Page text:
Graduation: One Year Later

Exactly one year ago, I was nervously standing on stage in front of hundreds of my peers, receiving my diploma.

I distinctly remember the feeling of achievement, excitement, and anxiousness that I had on this day.

After working hard for four and a half years, I had reached the end. I was now a college graduate.

The whole day was a blur of emotions. Thank God for the invention of waterproof mascara.

Growing up, graduating college is one of those things that seems so far off. So adult. The beginning of a new chapter of your life.

The first month or so after graduating felt like an extended winter break, with the added bonus of not having any assignments to do. It felt good to be able to relax and not have to worry about school.

GRADUATING IN AN ECONOMIC CRISIS

Unfortunately, the time I graduated was during one of the worst parts of this economic recession. Many of my peers were having a hard time finding jobs anywhere, especially in the media field.

Slowly, it began to sink in that I could be in a very tough position if I didn’t find a job quickly. There were student loans to start paying back, among other living expenses.

By the end of February, almost three months after graduating, I had finally landed an internship at a company called Ustream. It was unpaid, but it was better than sitting around at home, so I took it.

Luckily, I was offered a full-time job as Marketing Coordinator, just after a little over a month of interning.
Sure, the pay wasn’t the best, and the hours were even worse, but it felt good to be working in a career related to my degree.

A NEW DIRECTION

Despite being happy about having a job, I felt that if I continued on down this path of marketing, I would move further away from my career goals.

I wanted to be the person producing media, not the one marketing it.

Over the summer, I made a big decision to go to graduate school in London. It wasn’t an easy choice, especially considering my economic situation.

But it was the right choice.

I haven’t looked back since making that decision, as I know that by doing this course, it’s putting me closer to where I want to be.

NEW GRADUATES

This year, I watched some of my best friends walk the same stage that I did.

I’ve watched them work extremely hard over the years, and I was proud to be able to watch them be honored for their achievements.

It seems that landing a job is getting harder than ever, but I have high hopes for them.

I think that, as long as you work hard and have clear goals set out, you can achieve them. Maybe it will be a difficult journey along the way, but sometimes you learn the most from going through hardships.

So, to my lovely friends who graduated this year, congratulations! Keep doing what you’re doing, and welcome to the post-grad world.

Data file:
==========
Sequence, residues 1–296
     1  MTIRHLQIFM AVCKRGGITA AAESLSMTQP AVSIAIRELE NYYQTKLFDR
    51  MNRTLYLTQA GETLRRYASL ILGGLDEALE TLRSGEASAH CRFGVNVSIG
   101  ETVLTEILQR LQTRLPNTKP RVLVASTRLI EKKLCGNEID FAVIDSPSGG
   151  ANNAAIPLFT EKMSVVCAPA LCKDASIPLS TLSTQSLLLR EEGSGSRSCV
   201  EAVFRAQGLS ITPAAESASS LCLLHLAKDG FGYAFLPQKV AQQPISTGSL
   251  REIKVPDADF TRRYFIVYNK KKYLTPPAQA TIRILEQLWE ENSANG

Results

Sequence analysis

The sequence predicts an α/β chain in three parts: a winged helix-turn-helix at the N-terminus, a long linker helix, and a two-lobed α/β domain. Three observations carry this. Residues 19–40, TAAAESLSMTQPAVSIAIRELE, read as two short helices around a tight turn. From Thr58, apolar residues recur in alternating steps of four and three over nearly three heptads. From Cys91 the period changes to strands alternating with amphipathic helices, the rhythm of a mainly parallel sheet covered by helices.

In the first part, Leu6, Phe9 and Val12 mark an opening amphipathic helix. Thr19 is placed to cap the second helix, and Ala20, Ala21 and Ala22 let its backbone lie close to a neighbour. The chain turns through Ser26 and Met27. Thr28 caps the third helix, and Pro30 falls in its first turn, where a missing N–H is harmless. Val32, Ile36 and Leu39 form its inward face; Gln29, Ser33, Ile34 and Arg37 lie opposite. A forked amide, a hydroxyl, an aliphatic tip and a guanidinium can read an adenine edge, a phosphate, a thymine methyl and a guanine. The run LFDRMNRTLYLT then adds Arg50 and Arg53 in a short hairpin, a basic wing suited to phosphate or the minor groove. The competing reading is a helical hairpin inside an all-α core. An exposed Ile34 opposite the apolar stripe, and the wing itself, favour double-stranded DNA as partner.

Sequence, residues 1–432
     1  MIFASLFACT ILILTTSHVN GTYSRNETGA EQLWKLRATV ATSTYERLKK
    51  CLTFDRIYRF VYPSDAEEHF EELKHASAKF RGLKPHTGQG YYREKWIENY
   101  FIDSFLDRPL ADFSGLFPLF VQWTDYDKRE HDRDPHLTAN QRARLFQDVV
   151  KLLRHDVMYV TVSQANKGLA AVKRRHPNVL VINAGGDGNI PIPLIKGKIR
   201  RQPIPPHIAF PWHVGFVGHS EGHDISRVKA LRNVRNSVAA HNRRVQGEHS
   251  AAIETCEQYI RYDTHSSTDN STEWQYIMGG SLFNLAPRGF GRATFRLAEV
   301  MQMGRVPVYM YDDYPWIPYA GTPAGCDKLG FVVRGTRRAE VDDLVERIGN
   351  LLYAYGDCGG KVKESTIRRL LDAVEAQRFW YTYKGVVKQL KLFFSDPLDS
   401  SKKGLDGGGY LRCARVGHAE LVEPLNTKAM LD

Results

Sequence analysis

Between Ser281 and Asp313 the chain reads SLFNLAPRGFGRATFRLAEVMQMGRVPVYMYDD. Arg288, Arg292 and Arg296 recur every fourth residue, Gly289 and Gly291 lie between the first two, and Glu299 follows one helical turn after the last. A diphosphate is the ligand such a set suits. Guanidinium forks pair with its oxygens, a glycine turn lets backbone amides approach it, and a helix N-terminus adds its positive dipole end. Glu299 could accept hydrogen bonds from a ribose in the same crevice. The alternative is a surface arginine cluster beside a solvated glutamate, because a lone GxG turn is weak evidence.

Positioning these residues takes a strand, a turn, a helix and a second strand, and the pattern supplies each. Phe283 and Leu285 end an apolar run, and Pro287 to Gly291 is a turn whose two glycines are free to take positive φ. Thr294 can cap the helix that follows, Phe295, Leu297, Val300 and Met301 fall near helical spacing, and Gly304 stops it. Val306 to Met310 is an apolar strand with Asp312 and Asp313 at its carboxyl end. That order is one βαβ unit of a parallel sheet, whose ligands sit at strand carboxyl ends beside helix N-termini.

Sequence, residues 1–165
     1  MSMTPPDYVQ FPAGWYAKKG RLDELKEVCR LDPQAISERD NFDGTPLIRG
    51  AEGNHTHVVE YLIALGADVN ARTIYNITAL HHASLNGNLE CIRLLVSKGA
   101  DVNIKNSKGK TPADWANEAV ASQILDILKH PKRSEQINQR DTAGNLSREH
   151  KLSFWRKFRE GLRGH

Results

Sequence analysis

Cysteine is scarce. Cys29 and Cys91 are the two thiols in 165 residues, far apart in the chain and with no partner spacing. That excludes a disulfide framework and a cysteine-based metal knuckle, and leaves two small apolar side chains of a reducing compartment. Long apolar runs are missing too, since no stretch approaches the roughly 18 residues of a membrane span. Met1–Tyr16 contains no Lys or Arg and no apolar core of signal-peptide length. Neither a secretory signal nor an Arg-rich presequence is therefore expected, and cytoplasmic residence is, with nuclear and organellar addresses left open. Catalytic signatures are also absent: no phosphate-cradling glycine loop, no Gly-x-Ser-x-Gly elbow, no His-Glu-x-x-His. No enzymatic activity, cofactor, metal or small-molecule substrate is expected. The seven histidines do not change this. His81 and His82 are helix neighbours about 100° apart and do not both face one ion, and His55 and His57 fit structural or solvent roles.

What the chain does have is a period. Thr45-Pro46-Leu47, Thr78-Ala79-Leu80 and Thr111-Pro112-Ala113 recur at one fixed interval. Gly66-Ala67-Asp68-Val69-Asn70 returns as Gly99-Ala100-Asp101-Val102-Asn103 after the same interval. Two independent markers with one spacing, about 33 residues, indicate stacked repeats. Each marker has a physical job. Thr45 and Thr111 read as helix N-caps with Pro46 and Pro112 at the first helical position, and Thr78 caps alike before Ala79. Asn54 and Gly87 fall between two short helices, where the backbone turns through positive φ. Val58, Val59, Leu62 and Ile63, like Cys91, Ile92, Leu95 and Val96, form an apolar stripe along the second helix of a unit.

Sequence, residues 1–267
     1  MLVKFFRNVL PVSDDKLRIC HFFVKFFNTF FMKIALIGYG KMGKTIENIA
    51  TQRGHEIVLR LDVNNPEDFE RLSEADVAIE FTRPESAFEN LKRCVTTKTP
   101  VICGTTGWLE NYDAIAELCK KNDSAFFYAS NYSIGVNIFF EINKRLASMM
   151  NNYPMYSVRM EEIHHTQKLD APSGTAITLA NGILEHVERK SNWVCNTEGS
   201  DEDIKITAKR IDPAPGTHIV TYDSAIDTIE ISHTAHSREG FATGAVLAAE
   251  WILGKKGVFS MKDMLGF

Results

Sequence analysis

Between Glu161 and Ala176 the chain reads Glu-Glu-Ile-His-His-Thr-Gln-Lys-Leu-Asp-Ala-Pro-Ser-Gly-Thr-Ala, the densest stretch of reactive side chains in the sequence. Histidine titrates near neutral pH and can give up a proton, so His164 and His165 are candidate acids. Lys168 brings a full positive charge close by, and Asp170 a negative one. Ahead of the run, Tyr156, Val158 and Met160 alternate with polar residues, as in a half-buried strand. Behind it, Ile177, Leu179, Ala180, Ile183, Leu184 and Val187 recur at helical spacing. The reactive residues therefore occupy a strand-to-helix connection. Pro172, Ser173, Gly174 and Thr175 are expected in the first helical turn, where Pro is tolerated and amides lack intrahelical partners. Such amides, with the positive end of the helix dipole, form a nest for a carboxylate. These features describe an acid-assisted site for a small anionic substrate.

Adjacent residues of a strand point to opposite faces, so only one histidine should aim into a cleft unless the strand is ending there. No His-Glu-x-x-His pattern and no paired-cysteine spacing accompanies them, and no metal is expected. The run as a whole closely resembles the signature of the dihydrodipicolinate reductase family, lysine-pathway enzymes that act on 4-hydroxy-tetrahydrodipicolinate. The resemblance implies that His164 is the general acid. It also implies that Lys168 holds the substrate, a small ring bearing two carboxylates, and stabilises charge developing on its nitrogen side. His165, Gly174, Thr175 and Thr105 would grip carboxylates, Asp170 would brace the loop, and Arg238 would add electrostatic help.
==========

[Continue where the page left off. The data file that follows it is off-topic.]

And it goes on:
As Monica once said in Friends, “The real world sucks…you’re gonna love it!”

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Flaneur-ing=Fun!

Throughout my four (and a half…*ahem*) years studying Media Studies at University of San Francisco, the term ‘flâneur’ would often pop up in lectures. I remember first hearing the term–originally coined by French critic/poet, Charles Baudelaire, in the 19th century–in Professor Andrew Goodwin’s course, The Popular Arts.

For those of you who don’t speak French (I don’t!), ‘flâneur’ essentially means “a person who walks the city in order to experience it.” I can say, without hesitation, that living in London has turned me into a flâneuring fiend!

My first day back here (was it really almost a month ago already??), after recovering from jet lag, I found myself wandering aimlessly around central London, just to reacquaint myself with the city. Rather than feeling isolated, or overwhelmed about the big move, I found myself taking everything in and enjoying the amusing and iconic sights I came across on the South Bank:

A tower made completely out of cardboard paper rolls
cardboard tower

Our future ruler
robot dude

St. Paul’s Cathedral
st. paul's
(hey, is that a fellow flaneur in the foreground?)

Big Ben/Houses of Parliament
big ben

Tower Bridge
tower bridge

I’m not sure if it still counts as ‘flâneuring’ if you’re with another person, but then how else are you supposed to get a picture of yourself with The Monument? (This one’s for you, Professor Robertson!)

the monument
(Thanks for taking the picture, Anna!)

Regardless, I think the best part about experiencing the world as a flâneur (whether solo or not) is the fun in seeing the world unfold around you, without having any expectations or agenda. While hoards of tourists were rushing around, anxiously clutching maps and cameras so as not to miss a single sight, I took pleasure in the fact that I have a whole year to experience as much of this city as possible. And that, I will!